A fragment of the irregular Mandelbrot set. |

The famous Mandelbrot set is defined by the recurrent relation:

$$z_{n+1}=z_n^2+c.$$

Despite at the first glance this formula may seem simple, the set of points c, defining stable orbits of z, has incredibly complex structure:

However, when the first impression of infinite variation fades, you'll probably notice that the whole image is based on the same pattern, repeated with several variations (well, that's why it is called fractal, after all). And it is pretty boring.

Equations, other than canonical \(z_{n+1}=z_n^2+c\), can produce some different patterns,

Cubic Mandelbrot variation. |

Non-homomorphic mapping functions produce significantly different patterns, but they are often too "dirty":

A Mandelbrot-like fractal, obtained from the non-homomorphic function. |

### So, where the novelty hides?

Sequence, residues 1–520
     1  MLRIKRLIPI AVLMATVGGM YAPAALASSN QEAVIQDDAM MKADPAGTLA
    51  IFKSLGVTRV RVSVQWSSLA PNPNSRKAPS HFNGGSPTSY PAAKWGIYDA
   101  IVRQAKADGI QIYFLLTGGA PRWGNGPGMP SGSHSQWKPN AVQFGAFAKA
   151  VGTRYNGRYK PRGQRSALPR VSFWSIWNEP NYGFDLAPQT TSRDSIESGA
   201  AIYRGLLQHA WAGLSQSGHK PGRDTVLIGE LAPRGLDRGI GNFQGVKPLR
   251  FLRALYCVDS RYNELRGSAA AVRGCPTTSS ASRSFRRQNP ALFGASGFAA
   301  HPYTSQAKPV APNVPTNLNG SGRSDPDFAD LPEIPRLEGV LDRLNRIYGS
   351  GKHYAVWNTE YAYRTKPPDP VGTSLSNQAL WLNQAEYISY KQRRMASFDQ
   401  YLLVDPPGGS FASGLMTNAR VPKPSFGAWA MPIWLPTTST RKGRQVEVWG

Meet the idea: the**irregular Mandelbrot set**.

Instead of repetitive iteration of the same function, iterate two (or more), in an never-repeating pattern:

$$z_{n+1}=f_{Idx(n)}(z_n)+c.$$

Where \(Idx(n)\) is a non-periodic function, returning integers in the range [1..k], and \(f_1(z),...,f_k(z)\) are the different mapping functions. Non-periodicity guarantees that there are no stable cycles in Z.

Results seem interesting, at least for me. Because the mapping functions are homomorphic, there is no effect of "smearing", but non-periodicity destroys all of the repetitive, stable patterns. Here are few sample pictures:

Black-and-white palette is not a requirement, but to my artistic sense, these fractals look better without colors. See more in the album.